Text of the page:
The Institute for Agricultural Market Studies cut its
forecast for Russia's grains crop this year in one of the first signs of damage
from hot and dry weather, and warned over a slump in Ukraine fertilizer imports
The institute, also called Ikar, which last week raised its
forecast for Russia's grains harvest by 1m tonnes to 96m tonnes, on Tuesday cut
its estimate back to 93.5m tonnes.
This forecast was "not as excellent as we expected even two
weeks, even one week ago", Mr Rylko said, estimating wheat production at
52m-53m tonnes, down from a forecast of 54.5m tonnes last week.
The retreat reflected the impact of an incidence of the hot
and dry Sukhovey winds which have a history of hitting Russian crop production,
and causing early summer spikes in world prices, notably in two years ago.
Indeed, wheat markets worldwide have been closely monitoring
signs of crop damage from the dry weather, which has affected in the main the
Volga Valley region, and parts of North Caucasus.
'Rains on their way'
However, Mr Rylko downplayed the prospect of heavy losses in
the offing, saying that weather forecasts showed that "about half of the area
of concern will receive pretty precipitation today", with further moisture
This may "already fix damage" in crops, he said, flagging in
particular spring barley as a potential for yield recovery prospects.
Even at 93.5m tonnes, the output forecast was "not bad".
In the key South export region, Ikar forecast a wheat harvest
of 21.2m tonnes, down more than 10% year on year, but still enough to support shipments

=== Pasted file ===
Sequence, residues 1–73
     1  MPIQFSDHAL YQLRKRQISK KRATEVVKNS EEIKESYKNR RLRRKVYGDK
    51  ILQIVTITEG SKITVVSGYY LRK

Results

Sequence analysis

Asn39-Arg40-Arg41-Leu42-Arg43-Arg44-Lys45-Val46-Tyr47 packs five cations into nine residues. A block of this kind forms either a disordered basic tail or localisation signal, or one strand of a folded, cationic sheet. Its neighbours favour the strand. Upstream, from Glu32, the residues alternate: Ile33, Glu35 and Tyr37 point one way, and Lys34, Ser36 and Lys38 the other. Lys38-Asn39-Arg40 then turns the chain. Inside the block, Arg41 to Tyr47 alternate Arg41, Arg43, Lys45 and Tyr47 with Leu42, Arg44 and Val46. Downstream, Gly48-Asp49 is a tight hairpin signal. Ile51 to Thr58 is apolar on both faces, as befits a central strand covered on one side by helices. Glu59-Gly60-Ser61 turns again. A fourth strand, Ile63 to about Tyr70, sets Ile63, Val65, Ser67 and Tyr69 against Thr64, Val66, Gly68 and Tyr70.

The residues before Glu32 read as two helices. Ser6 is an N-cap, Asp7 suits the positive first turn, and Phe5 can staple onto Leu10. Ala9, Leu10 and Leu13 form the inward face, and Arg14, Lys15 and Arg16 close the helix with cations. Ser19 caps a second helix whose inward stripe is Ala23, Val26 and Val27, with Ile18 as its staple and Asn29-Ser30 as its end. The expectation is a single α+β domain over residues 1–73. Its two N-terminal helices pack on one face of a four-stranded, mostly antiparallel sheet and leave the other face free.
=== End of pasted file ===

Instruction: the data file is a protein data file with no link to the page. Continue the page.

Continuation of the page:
of 15.0m tonnes, some 84% of total Russian volumes expected in 2014-15.
Within the South, Krasnodar will see a record crop of 7.13m
tonnes, but crops in Stavropol, at 6.68m tonnes, and Rostov looked like falling
a little below earlier expectations.
By contrast, Ukraine growers had enjoyed benign weather, in
terms of a mild winter which had prompted "record low" levels of winterkill, "of
2.5%, maximum 3%", Mr Rylko told the International Grains Council conference in
However, they faced the setback of the political and economic
crisis evident in a slump in fertilizer use - with imports tumbling by one-third.
This decline had not been so evident in the agrichemicals
market, nor in seed, with farmers planting "almost as much area with corn" as
The particular downturn in fertilizer use was because in
that industry merchants "always ask for money up front.
"There was no money" available, meaning a drop in purchases
"We will see at the end of the summer how this effects
quality and quantity" of the harvest, Mr Rylko said.
'Crazy for protein'
The comments came in a talk in which he underlined the Black
Sea's growing status as a grains exporter, no longer just of lower quality
wheat, but corn and high protein wheat too.
"Every year we supply more and more protein [wheat] to the world
market," reflecting importers' requirements, and changes in Russia's weather
and improved agricultural practices.
Buyers from Turkey, long a major Russian wheat export market,
"are crazy for protein".
But new markets were also opening up, thanks in part to the
entry of new merchants into Russia.
Olam International, for instance, which has milling assets
in Nigeria, had been behind the shipment to the African country of 350,000
tonnes of Russian wheat, with protein up to 14.5%.